Temps - Usually a Well Rationalized Poor Practice


In the blog it is often useful to cite an extreme example to make a point. Such is the case when I use this article from PrintWeek take exception to the use of temps – especially using them in the name of being lean. Thankfully, few companies have taken the view of people as cannon fodder to be expended in the pursuit of the top line – all else be damned – as Precision Printing (the company cited in PrintWeek). These guys are proud of the fact that they have tied their temp agency into a rather crude capacity planning model and have automated the process of having a temp agency shuttle people in and out of their plant – essentially treating people like just another item on a Bill of Material.

Let me make a few disjointed observations regarding the use of temps …

Value is Temporary but Waste is Forever

Strikes me as rather telling that most companies who regularly use temps use them in front line production roles, but you rarely see them used to work as managers, directors, VP’s or CEO’s; in fact they are rarely used as supervisors, planners or schedulers, quality inspectors or in just about any other non-value adding role. Nope – temps are for creating value for customers. The thinking appears to be that any warm body meeting the minimum criteria provided to the temp agency can create customer value sight unseen; but non-value adding waste can only be created by uniquely qualified, carefully screened, hand chosen and well paid folks. Explain that one.

The boys over at PrintWeek write that using temps is good because:, “It enables you to pay only for staff earning you money, whereas in the bloated pressrooms of the past, staff were often kept on in case they were needed – a wasteful and expensive policy.” How exactly, I wonder, do all of those jobs too specialized to be trusted to temps earn you money? By that logic you ought to rent a manager – anyone with a degree in management - by the hour to make critical decisions, then send them packing once the decision is made.

The Supremacy of Sales

Ramping up production to meet last-minute orders or larger jobs,” requires temps, so they say. Turning last minute orders or larger jobs down just isn’t in the cards, apparently.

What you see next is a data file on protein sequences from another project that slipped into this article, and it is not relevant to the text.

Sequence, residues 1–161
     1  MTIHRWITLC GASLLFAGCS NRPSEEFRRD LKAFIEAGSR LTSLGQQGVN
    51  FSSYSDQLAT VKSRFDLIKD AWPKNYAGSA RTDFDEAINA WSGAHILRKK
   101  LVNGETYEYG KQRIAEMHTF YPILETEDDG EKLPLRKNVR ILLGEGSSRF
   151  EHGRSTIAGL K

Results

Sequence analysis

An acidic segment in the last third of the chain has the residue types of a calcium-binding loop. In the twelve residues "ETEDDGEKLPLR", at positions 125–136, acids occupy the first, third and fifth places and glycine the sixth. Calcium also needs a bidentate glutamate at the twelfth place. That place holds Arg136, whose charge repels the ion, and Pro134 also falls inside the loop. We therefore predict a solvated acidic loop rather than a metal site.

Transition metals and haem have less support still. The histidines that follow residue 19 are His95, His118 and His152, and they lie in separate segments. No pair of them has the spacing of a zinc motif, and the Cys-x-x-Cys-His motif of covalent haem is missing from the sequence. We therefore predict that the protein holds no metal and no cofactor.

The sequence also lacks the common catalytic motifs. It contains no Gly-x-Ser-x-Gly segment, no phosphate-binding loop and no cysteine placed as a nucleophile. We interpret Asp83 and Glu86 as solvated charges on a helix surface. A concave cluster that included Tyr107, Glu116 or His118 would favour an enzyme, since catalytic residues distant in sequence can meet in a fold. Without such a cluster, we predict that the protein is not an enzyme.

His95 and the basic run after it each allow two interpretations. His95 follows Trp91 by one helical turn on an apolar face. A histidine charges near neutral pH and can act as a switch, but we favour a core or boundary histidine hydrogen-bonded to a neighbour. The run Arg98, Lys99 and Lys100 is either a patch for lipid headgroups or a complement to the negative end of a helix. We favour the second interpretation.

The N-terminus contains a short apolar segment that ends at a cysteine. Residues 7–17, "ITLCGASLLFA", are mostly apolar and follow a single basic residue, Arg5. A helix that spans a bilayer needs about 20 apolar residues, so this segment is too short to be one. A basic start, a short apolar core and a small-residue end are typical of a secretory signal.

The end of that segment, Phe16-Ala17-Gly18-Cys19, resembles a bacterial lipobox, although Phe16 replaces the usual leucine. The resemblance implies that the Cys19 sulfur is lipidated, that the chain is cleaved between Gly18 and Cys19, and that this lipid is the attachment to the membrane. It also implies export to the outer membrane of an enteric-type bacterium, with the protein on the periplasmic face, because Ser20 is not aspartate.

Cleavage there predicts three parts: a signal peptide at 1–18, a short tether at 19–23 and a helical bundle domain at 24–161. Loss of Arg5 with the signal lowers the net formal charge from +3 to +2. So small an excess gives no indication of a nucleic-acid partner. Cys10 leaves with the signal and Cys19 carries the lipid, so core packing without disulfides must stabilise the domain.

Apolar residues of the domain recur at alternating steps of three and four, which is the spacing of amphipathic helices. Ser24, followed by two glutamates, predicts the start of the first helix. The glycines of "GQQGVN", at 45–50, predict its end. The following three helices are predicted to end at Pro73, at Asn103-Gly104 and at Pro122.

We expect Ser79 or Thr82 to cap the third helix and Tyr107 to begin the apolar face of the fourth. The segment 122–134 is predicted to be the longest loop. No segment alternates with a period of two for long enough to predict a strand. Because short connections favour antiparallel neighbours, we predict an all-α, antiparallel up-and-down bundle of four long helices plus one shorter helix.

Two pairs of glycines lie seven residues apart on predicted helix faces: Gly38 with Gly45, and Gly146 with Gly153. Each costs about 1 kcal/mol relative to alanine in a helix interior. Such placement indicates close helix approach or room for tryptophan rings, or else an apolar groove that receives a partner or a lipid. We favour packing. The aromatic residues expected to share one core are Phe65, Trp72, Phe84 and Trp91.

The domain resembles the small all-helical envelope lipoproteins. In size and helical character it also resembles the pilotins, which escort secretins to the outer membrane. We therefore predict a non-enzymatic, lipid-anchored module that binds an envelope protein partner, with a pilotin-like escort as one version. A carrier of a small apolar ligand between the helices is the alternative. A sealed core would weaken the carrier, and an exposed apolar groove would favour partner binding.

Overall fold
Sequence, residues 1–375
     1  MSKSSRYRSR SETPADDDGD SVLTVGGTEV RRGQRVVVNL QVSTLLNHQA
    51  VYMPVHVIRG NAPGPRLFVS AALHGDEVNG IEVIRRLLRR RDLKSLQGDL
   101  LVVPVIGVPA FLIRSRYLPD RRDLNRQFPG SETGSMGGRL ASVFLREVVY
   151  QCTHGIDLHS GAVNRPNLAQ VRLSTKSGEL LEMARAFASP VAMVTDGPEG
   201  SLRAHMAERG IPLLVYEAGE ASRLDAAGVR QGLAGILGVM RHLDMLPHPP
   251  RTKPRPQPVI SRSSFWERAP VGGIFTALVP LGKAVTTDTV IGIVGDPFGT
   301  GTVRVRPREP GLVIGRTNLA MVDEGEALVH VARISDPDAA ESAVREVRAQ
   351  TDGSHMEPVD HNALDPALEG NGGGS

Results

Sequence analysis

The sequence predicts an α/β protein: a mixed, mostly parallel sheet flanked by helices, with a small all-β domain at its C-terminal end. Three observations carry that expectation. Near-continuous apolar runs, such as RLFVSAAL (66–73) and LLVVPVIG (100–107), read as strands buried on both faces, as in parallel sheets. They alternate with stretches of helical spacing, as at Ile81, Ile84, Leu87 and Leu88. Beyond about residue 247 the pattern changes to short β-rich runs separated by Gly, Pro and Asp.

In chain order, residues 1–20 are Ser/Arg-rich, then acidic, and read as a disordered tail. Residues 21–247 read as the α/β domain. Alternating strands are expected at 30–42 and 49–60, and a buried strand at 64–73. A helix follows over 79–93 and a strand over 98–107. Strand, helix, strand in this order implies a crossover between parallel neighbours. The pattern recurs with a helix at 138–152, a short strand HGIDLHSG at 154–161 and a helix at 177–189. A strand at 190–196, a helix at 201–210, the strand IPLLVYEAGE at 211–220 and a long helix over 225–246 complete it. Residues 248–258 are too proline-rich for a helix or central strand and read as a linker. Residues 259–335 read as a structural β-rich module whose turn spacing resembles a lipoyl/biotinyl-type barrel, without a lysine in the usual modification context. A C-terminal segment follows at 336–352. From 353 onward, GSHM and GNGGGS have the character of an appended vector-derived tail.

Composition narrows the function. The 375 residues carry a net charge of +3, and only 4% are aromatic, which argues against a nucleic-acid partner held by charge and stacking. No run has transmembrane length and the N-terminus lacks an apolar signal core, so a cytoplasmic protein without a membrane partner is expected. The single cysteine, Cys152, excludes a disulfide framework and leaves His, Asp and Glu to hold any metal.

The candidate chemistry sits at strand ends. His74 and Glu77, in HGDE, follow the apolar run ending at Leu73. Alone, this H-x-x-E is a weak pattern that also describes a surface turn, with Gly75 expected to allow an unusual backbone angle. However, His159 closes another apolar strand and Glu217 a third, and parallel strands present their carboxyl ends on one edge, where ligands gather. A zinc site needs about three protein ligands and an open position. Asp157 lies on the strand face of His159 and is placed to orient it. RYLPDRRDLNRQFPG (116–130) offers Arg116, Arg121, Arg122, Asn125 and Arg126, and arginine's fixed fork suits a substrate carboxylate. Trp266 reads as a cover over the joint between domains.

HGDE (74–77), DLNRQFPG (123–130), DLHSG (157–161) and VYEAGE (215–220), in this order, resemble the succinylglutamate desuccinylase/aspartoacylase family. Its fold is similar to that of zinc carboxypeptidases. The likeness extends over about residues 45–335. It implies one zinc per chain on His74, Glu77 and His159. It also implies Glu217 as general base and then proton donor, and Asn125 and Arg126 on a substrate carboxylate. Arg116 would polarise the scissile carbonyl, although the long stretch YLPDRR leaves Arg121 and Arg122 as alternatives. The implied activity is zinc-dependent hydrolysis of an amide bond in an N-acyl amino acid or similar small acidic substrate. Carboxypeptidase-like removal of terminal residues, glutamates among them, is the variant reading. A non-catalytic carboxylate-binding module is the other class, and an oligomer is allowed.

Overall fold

The single biggest driver of manufacturing inefficiency is the common, and complete, disconnect between sales and the rest of the business. It is far too normal for sales to be tasked with selling as much as it can, whenever it can, of anything it can, to whoever it can. Whether those sales are even remotely aligned with capacity is not a concern. In fact, when those “last-minute orders or larger jobs” came in, putting the factor into a very cost ineffective position – having to work overtime, expedite materials, bring in temps that inevitably put quality and productivity in serious jeopardy, the sales people who brought in the work were undoubtedly paid a commission – perhaps even a bonus – for doing so.

It is tortoise and hare thinking. The good, truly lean companies don’t forecast. They plan. Sales and production are parties to an integrated business plan, with pricing used as the mechanism to keep the company on track. Slow and steady growth is the objective, and on a trajectory that keeps sales aligned with continuously increasing capacity, putting the entire company in a constantly most profitable balance. The alternative is the misguided belief that all sales are inherently good and that manufacturing must somehow drag the huge cost pit of a factory up the mountains and down into the valleys to keep up with wherever sales take them.

Dissin’ People

The biggest problem with the rampant use of temps is the blatant lack of respect for the people involved. It is little more than outsourcing HR when a temp agency is used, and is resorting to trial and error for the most fundamentally important task of the business when handled by a temp agency or in house.

The people who work there are the essence of the business. The quality of the products, the overall costs, levels of value provided to customers and the very ability of the company to succeed in the long run are driven almost entirely by the skills, work ethic, intelligence and personal values of the people who work there … all of the people … not just the self-described smart ones in management. You can’t just bring in a steady stream of warm bodies off of the street – people you make no commitment to and who, in turn make no commitment to you – and churn them through jobs that are at the very heart of the vale proposition and expect good results. How many temps really participate in and contribute to kaizen events?

There are some – usually isolated – cases in which temporary employees make sense. For the most part, however, using temps is little more than a poor practice, often well rationalized but poor nonetheless, driven by very short term thinking.

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